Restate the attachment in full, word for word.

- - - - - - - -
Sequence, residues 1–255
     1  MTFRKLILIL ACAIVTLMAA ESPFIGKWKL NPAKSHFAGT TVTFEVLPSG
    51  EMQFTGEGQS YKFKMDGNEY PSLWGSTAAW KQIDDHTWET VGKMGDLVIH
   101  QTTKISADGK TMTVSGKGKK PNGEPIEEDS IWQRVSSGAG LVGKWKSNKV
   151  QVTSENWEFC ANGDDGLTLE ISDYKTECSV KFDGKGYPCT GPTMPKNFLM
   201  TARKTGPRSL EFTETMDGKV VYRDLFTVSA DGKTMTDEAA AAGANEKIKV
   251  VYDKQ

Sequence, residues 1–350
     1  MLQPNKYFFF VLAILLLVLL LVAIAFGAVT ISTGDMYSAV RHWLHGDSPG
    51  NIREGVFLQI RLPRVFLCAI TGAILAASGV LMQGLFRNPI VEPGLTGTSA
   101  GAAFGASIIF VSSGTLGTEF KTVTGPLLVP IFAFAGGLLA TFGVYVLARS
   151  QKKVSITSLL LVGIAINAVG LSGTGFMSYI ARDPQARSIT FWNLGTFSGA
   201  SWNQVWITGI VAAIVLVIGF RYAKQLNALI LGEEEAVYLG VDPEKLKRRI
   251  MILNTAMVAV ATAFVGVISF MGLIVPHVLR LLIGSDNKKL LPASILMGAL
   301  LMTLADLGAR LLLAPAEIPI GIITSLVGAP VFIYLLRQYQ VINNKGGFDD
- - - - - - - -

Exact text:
Sequence, residues 1–255
     1  MTFRKLILIL ACAIVTLMAA ESPFIGKWKL NPAKSHFAGT TVTFEVLPSG
    51  EMQFTGEGQS YKFKMDGNEY PSLWGSTAAW KQIDDHTWET VGKMGDLVIH
   101  QTTKISADGK TMTVSGKGKK PNGEPIEEDS IWQRVSSGAG LVGKWKSNKV
   151  QVTSENWEFC ANGDDGLTLE ISDYKTECSV KFDGKGYPCT GPTMPKNFLM
   201  TARKTGPRSL EFTETMDGKV VYRDLFTVSA DGKTMTDEAA AAGANEKIKV
   251  VYDKQ

Sequence, residues 1–350
     1  MLQPNKYFFF VLAILLLVLL LVAIAFGAVT ISTGDMYSAV RHWLHGDSPG
    51  NIREGVFLQI RLPRVFLCAI TGAILAASGV LMQGLFRNPI VEPGLTGTSA
   101  GAAFGASIIF VSSGTLGTEF KTVTGPLLVP IFAFAGGLLA TFGVYVLARS
   151  QKKVSITSLL LVGIAINAVG LSGTGFMSYI ARDPQARSIT FWNLGTFSGA
   201  SWNQVWITGI VAAIVLVIGF RYAKQLNALI LGEEEAVYLG VDPEKLKRRI
   251  MILNTAMVAV ATAFVGVISF MGLIVPHVLR LLIGSDNKKL LPASILMGAL
   301  LMTLADLGAR LLLAPAEIPI GIITSLVGAP VFIYLLRQYQ VINNKGGFDD